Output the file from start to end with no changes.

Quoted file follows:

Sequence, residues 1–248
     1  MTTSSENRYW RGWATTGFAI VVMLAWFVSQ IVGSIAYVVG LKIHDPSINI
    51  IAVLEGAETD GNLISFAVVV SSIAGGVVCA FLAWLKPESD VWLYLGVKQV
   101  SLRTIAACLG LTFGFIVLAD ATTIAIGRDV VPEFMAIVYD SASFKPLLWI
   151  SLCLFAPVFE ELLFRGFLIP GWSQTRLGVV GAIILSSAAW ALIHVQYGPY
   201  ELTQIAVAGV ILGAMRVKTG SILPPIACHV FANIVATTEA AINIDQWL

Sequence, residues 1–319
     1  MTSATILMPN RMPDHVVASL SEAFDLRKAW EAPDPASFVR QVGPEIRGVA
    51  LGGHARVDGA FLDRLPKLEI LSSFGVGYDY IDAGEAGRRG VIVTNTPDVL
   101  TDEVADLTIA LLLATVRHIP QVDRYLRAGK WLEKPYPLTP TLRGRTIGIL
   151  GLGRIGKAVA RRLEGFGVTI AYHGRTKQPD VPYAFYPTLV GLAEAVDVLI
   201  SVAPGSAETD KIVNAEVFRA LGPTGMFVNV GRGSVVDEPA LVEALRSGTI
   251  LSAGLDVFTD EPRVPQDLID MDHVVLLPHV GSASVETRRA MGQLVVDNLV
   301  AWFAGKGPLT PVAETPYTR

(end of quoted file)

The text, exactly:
Sequence, residues 1–248
     1  MTTSSENRYW RGWATTGFAI VVMLAWFVSQ IVGSIAYVVG LKIHDPSINI
    51  IAVLEGAETD GNLISFAVVV SSIAGGVVCA FLAWLKPESD VWLYLGVKQV
   101  SLRTIAACLG LTFGFIVLAD ATTIAIGRDV VPEFMAIVYD SASFKPLLWI
   151  SLCLFAPVFE ELLFRGFLIP GWSQTRLGVV GAIILSSAAW ALIHVQYGPY
   201  ELTQIAVAGV ILGAMRVKTG SILPPIACHV FANIVATTEA AINIDQWL

Sequence, residues 1–319
     1  MTSATILMPN RMPDHVVASL SEAFDLRKAW EAPDPASFVR QVGPEIRGVA
    51  LGGHARVDGA FLDRLPKLEI LSSFGVGYDY IDAGEAGRRG VIVTNTPDVL
   101  TDEVADLTIA LLLATVRHIP QVDRYLRAGK WLEKPYPLTP TLRGRTIGIL
   151  GLGRIGKAVA RRLEGFGVTI AYHGRTKQPD VPYAFYPTLV GLAEAVDVLI
   201  SVAPGSAETD KIVNAEVFRA LGPTGMFVNV GRGSVVDEPA LVEALRSGTI
   251  LSAGLDVFTD EPRVPQDLID MDHVVLLPHV GSASVETRRA MGQLVVDNLV
   301  AWFAGKGPLT PVAETPYTR